In this blog I intend to share my experience of engaging my groups of Young Learners of English (YLE) into a crafting activity with a final goal of promoting their speaking interaction.

Let me start by quoting Carol Read on the definition of kinesthetic learning: “Kinesthetic learning is to do with positively harnessing bodily movement and a variety of fine-tuned physical skills in the service of learning. It is associated with a ‘hands on’, ‘doing’ approach in which children are physically involved in the process of learning through such things as manipulating objects, movement, gym, aerobics, dance, drama, mime, craft activities or making models. Kinesthetic learning activities are usually actively engaging and enjoyable. They often lead children to develop a sense of timing and improved physical coordination. The learning that results is frequently the outcome of close association and coordination between body and mind.”

Extracted from: carolread.wordpress.com/2010/05/19/k-is-for-kinesthetic-learning/ 

Currently, I have two groups of young learners of English between 5 and 7 years of age. They challenge us in many ways and it’s part of our job description to prepare classes to fit our learners’ profile. That was a typical classes for YLE where they have to learn about pets and animals. There are integrated resources to the classes, such as flashcards and CD ROM games, but I there was the feeling I had to go beyond that. The idea of a game with cards occured to me, as well as the fact that there was an available set in the teachers’ room...but apart from playing...I also wanted my students to have the chance to get to write the names of the animals they are learning, considering this is also a target age for literacy development in children. It's a known fact that time constraint is a constant challenge to battle when teaching the little ones. What if they couldn’t cope with finishing the drawings and still have enough time to play with it?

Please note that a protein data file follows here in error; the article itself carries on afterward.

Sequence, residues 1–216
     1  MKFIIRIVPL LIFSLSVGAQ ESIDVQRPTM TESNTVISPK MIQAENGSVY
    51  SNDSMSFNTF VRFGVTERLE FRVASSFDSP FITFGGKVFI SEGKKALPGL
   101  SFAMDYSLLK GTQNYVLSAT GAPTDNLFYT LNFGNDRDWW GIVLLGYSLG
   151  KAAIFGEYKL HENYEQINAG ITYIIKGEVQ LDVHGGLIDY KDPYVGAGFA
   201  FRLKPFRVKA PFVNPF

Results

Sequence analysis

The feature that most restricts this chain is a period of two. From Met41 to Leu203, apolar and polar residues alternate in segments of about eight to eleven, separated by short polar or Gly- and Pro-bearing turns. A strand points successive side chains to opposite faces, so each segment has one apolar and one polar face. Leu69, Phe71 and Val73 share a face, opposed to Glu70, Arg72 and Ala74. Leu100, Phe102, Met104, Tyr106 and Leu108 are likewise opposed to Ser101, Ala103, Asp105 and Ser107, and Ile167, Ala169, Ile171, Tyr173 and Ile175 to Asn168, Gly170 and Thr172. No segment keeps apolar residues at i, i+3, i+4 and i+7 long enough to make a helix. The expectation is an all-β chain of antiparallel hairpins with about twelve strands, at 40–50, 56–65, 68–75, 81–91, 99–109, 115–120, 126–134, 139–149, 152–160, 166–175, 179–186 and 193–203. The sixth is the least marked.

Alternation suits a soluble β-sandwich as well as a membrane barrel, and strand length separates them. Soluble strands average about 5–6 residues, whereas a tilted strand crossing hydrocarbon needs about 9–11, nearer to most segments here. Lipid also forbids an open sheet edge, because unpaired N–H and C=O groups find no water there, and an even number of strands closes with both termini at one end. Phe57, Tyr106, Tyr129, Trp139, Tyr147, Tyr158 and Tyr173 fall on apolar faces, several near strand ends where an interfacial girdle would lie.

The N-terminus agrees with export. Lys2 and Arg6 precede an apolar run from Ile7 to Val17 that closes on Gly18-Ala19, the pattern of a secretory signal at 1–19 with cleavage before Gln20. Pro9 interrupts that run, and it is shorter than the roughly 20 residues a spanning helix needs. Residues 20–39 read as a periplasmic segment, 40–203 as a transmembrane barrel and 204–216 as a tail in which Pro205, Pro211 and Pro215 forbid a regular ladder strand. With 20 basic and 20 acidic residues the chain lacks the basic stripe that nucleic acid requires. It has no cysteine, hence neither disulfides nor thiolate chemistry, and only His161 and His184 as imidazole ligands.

But my eyes kept looking at the outcome, students interacting with the very cards they created and the learning gain that would come from having gone through this process.

This was the idea I had: *distribute the kids into 3 teams

*make sure they have crayons, pencil, eraser and that they know how to interact in English in case they need to borrow or lend each other items

*assign each group a specific animal (every child in each group would receive a small blank card)

* google for animal for a cartoon-style picture of the animals and check if they know how to writte the names of each animal in English

* establish three rules:

time-limit of 5 minutes to draw,

colour and write the name of the animal in the card,

help each other

Ok, the first set of animals took around 7 minutes to be concluded… but once they understood what they were expected to do...it was amazing! Each piece of paper produced nine cards, so that is also a way of saving paper resources.

Time to play on the floor!

Game 1: cards facing down. get a card and speak the name of the animal

Game 2: memory game

Game 3: ask a question (What’s this animal? What’s the colour?)

Yes, there was children-like collaboration, creativity, challenge and noise...

But when everything was ready and I lined up the cards they had created on the floor …

it was lovely and very rewarding to all of us!

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